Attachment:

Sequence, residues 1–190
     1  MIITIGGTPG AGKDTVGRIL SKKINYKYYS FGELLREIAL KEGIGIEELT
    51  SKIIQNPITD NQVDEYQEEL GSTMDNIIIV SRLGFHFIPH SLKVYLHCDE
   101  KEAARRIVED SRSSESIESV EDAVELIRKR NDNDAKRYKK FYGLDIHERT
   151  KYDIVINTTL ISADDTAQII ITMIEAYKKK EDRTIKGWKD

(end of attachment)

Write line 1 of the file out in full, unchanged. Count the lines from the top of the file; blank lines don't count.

Sequence, residues 1–190